Good article.Just as extra information, the share capital of the ECB is only about €11bn. So if they take a loss of over €11bn (a highly plausible scenario) they are 'bust'. This means they either have to go cap in hand to the Eurozone member states asking them to plug the hole, or in an extreme situation they could print the money (which goes against all central bankers believe in).I just thought this is relevant when thinking of the various threat points.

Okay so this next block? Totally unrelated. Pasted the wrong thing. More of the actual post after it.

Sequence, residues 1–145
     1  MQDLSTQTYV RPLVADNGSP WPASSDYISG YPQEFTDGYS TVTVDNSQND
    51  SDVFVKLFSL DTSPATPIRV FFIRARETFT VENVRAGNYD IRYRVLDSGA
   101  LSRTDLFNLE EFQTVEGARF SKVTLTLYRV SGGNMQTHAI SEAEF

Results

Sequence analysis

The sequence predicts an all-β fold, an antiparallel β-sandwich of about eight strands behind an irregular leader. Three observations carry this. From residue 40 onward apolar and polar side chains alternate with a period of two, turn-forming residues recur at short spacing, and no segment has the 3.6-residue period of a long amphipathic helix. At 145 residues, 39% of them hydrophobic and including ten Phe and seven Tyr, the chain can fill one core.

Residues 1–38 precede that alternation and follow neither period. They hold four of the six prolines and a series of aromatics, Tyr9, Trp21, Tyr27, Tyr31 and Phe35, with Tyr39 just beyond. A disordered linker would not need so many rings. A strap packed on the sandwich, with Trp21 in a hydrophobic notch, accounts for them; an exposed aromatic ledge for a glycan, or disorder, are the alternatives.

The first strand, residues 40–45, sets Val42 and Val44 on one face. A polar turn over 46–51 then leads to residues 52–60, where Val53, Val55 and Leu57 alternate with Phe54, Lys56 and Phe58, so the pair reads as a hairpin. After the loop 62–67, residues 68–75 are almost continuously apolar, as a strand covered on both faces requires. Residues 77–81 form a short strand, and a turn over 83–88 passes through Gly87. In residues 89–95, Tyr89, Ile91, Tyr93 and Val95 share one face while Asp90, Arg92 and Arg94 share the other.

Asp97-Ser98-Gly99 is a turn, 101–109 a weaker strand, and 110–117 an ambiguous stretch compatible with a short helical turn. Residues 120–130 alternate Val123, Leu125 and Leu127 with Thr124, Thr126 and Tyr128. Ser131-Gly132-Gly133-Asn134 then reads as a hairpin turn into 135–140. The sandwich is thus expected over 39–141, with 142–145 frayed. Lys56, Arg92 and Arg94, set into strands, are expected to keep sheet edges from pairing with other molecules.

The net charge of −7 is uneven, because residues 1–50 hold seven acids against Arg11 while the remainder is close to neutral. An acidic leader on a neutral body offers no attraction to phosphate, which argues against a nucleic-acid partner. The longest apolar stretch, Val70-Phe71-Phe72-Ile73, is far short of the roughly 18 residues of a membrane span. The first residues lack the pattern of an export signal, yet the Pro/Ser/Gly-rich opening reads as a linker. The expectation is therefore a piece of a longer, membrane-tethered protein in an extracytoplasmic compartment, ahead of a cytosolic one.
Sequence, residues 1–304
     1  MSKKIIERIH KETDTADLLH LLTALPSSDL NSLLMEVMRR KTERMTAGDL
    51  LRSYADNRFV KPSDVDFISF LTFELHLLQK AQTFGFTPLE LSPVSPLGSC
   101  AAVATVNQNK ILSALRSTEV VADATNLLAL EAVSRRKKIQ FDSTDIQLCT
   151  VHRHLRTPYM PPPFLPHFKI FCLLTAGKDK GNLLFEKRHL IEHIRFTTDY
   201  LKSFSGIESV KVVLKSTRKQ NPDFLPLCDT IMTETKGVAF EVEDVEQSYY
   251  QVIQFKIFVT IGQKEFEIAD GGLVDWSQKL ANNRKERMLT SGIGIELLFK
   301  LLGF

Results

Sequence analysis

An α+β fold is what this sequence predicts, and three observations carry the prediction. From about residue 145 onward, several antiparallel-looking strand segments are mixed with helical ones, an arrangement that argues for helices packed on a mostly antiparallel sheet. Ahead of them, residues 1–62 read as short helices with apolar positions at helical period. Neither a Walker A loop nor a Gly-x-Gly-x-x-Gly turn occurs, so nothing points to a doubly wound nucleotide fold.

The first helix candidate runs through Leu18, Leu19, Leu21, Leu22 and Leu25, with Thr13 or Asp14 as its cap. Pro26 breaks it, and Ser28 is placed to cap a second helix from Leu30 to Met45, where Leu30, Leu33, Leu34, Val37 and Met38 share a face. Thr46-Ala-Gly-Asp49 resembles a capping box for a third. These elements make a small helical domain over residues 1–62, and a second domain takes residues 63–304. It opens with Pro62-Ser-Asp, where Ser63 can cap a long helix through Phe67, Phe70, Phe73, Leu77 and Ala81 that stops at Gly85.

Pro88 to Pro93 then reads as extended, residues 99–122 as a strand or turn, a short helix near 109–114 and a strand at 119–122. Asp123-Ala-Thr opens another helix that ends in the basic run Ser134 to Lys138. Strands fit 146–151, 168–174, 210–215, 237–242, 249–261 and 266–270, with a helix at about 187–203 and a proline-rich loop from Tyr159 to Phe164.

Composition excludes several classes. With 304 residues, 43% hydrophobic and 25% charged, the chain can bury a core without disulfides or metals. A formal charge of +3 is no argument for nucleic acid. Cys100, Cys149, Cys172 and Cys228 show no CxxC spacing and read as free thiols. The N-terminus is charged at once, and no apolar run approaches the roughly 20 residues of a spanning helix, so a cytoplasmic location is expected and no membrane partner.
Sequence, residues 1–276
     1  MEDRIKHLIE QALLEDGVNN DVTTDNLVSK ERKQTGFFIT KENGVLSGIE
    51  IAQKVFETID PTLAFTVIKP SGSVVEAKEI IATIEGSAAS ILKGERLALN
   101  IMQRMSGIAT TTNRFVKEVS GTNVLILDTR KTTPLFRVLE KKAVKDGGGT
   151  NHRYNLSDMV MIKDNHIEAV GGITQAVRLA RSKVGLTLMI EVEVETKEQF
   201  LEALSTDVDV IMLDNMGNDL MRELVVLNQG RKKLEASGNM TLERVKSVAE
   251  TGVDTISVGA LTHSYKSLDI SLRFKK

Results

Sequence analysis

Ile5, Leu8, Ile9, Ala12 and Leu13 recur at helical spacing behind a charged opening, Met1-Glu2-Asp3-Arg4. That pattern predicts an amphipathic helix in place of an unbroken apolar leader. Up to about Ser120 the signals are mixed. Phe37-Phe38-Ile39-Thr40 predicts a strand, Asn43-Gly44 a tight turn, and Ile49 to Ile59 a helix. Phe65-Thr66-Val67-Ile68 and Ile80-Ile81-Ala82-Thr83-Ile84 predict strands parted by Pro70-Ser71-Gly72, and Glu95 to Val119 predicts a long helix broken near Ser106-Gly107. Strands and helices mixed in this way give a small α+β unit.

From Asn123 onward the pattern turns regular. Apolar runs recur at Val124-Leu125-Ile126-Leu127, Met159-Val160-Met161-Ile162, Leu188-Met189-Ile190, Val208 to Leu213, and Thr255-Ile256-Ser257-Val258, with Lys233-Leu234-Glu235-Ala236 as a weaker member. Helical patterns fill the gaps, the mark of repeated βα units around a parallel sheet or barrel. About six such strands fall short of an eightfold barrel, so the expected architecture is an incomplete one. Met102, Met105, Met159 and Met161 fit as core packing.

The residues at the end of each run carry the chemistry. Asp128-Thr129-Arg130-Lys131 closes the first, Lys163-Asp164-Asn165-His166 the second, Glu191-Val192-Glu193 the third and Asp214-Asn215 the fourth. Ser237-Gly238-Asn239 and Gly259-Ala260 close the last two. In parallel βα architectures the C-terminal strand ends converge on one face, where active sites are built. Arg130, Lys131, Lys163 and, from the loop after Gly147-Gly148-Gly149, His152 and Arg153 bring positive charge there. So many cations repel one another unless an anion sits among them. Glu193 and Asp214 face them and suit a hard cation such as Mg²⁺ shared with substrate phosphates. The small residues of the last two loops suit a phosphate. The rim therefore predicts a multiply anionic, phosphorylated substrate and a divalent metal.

Excellent point, Rory. The point of my post was, taking one aspect of the debate, to escape the manichean analysis and end-of-days solutions that dominates the discourse. That, and the lazy caricatures we create for others. The ECB is not the source of all evil; anymore than they are agents of salvation. They are an institution, staffed by men and women who are just as susceptible to mistakes, group-think and policy-inertial as any of us. To expect the ECB not to act like a central bank is a problem not for the ECB but the holders of that expectation.Analysis should be concerned with describing the room for policy manoeuvre within the context of other's room for manoeuvre. Politics should be concerned with widening that room, creating new options.To identify what other can do and can't is, therefore, a necessary element.BTW, do all central banks find printing money anathema? After all, other central banks have done it, the ECB has played with special measures (providing funding for banks) - the Fed has gone for it twice. Printing money should be treated as a means to an end, to be used when needed, to be avoided when detrimental. Money is functional - the sole determinant is economic need. Or, at least, it should be.
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